This isn’t to say your username isn’t important. People may search for you by guessing your username and entering it as part of the web address, so it should be obvious and easy to predict. And since your URL will appear at the top of all your visitors’ browsers when they’re on your page, it should never be just a default configuration of text and numbers.
Most social networks, including Facebook, Twitter, Instagram, LinkedIn, and Pinterest, make it easy to configure your username. So you really have no excuses for not customizing your URL.
Do Write Creative Descriptions
It’s tempting to write a brief description of your company and then copy and paste it into all of the relevant sections on the various social media platforms. But though this approach may save you a little time, it does nothing for your branding. In general, your bio should succinctly, i.e. in one or two sentences, tell your visitors who you are and what you do.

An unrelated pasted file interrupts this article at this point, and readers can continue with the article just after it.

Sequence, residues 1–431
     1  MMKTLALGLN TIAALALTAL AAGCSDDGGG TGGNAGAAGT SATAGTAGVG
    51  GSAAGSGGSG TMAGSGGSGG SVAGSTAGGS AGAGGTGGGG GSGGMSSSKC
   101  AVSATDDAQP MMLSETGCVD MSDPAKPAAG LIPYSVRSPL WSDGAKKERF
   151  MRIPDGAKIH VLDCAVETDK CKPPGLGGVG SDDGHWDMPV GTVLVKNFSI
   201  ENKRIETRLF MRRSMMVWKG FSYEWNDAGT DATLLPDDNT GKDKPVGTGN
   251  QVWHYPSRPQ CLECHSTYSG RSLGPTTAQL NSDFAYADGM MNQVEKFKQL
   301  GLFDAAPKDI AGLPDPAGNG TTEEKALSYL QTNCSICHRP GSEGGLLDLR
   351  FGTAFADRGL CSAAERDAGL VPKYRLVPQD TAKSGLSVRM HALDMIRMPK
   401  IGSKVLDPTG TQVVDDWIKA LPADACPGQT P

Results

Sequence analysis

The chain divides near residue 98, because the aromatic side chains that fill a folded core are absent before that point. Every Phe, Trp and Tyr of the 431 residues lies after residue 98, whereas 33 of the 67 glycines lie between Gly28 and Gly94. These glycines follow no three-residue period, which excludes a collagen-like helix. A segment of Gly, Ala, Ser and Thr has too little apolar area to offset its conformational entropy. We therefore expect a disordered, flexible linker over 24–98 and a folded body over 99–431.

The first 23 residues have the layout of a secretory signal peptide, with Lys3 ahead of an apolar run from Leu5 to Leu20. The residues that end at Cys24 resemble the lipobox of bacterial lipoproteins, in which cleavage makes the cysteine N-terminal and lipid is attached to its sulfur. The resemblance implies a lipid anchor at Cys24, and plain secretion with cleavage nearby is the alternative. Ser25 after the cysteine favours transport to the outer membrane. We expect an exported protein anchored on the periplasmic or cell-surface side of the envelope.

This is the place to flex your creative muscles, since creating a bio that cleverly ties in your main keywords and conveys all of the necessary information without taking up much space can be a difficult thing to do.
Tesco, for example, has a great Facebook bio. The copy is interesting, informative, and highly readable.
On the other hand, bios that are underwhelming, repetitive, and, leave some boxes incomplete, don’t capitalize on the space provided.